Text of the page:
RAMALLAH, Palestinian Territory — The aftershocks of the U.S. Embassy move to Jerusalem and bloodshed on the Gaza border are shaking up the region, including the relationship between Palestinian President Mahmoud Abbas and his former negotiating partners, Israel and the U.S.
Seething over a perceived U.S. betrayal on Jerusalem, Abbas is preparing to pursue a war crimes complaint against Israel at the International Criminal Court that would sharply escalate tensions with Israel.
His domestic Hamas rivals in Gaza have meanwhile seen mixed results after weeks of border protests that failed to break a blockade of the territory but momentarily drew global attention to the long-ignored plight of Gaza.
For decades, the West Bank-based Abbas has pursued a strategy of independence through negotiations, hoping Washington would persuade Israel to cede the West Bank, Gaza Strip and east Jerusalem — lands it captured in 1967 — to a Palestinian state.
He clung to this formula through many setbacks, including Israeli settlement expansion.
Palestinian officials say the three-way relationship was held in place by a series of understandings, particularly after the 2012 U.N. General Assembly recognition of a “state of Palestine” gave Abbas new diplomatic options.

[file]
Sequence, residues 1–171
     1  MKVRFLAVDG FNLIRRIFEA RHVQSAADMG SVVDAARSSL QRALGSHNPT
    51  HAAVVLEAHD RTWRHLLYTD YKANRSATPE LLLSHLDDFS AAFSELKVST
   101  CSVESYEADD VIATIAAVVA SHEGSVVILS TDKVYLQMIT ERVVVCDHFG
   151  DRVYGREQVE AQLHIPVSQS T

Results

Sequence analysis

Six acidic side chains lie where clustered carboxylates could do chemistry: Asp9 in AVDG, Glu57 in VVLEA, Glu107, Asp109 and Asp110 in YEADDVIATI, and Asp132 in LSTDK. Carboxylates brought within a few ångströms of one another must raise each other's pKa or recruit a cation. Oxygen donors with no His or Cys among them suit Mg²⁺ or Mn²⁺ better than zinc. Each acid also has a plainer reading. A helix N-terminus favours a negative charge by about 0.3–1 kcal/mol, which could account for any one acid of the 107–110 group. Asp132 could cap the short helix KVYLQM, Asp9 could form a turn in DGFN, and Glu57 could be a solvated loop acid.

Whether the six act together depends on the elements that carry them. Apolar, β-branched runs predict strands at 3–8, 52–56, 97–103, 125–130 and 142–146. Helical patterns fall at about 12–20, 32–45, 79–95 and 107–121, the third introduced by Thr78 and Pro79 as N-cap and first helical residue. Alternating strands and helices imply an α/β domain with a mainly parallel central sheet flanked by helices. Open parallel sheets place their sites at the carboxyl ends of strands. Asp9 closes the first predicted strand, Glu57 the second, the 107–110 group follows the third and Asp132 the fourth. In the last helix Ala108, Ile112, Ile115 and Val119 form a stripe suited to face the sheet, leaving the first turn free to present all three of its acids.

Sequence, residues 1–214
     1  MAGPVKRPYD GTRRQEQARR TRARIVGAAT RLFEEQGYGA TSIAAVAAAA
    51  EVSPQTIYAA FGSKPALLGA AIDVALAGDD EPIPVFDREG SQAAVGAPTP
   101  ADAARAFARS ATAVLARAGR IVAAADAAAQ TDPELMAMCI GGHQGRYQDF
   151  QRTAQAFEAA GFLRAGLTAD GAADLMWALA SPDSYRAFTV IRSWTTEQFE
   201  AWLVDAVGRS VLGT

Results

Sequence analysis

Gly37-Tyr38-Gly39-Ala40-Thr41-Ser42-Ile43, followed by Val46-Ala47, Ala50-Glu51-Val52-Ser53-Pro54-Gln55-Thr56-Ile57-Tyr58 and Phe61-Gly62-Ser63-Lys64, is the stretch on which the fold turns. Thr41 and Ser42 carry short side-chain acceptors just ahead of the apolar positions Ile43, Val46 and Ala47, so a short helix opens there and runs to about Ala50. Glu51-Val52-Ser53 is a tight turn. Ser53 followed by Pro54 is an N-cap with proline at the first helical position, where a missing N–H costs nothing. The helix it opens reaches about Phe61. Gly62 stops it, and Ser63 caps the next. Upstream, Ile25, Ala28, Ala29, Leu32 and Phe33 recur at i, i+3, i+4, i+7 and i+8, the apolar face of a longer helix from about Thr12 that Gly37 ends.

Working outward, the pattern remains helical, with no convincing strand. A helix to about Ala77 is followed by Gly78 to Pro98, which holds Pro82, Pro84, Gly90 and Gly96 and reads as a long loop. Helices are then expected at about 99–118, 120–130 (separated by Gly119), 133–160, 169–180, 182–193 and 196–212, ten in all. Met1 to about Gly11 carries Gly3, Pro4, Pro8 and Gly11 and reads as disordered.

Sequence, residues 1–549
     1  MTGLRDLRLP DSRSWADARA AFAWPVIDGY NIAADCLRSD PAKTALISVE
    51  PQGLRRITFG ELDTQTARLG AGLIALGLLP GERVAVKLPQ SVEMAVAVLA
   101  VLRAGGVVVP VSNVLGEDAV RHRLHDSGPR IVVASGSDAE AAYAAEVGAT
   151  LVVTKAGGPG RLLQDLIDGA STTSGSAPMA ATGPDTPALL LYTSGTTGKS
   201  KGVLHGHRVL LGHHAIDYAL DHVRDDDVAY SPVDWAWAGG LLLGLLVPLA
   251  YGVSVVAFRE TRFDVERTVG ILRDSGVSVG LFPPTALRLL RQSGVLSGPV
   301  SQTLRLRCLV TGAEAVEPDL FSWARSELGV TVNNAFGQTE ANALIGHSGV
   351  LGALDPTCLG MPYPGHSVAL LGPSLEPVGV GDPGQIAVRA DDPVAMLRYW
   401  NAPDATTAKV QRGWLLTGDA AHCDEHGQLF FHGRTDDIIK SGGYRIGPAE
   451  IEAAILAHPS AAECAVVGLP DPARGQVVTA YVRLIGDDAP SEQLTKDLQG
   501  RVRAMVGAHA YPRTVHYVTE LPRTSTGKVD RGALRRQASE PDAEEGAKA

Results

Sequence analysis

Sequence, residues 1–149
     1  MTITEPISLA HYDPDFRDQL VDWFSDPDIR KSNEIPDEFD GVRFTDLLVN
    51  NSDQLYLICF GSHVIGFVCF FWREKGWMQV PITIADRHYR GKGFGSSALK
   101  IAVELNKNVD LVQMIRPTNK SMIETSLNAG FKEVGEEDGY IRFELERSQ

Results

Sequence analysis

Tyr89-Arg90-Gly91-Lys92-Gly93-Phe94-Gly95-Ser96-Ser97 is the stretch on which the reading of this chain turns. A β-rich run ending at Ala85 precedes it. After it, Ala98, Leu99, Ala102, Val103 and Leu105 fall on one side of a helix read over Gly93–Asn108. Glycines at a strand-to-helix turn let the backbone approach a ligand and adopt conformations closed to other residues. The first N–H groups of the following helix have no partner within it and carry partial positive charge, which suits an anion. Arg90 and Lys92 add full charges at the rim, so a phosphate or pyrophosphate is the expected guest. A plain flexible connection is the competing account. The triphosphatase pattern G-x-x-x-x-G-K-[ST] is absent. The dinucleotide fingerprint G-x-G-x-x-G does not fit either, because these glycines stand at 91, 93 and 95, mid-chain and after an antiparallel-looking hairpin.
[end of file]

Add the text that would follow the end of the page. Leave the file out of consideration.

They say Abbas pledged not to trigger an ICC probe of Israel’s settlement enterprise, and at the same time have his security forces continued their co-operation with Israeli troops in the West Bank. The U.S. promised not to move its embassy in Israel to Jerusalem, to keep the PLO office in Washington open and not cut aid to the Palestinians.
Abbas no longer felt bound by these understanding after President Donald Trump in December recognized Jerusalem as Israel’s capital — ignoring Palestinian claims to the Israeli-annexed eastern sector — and this week moved the U.S. Embassy there.
Palestinian Foreign Minister Riad Malki said Wednesday that he has asked the ICC for an appointment to deliver …read more
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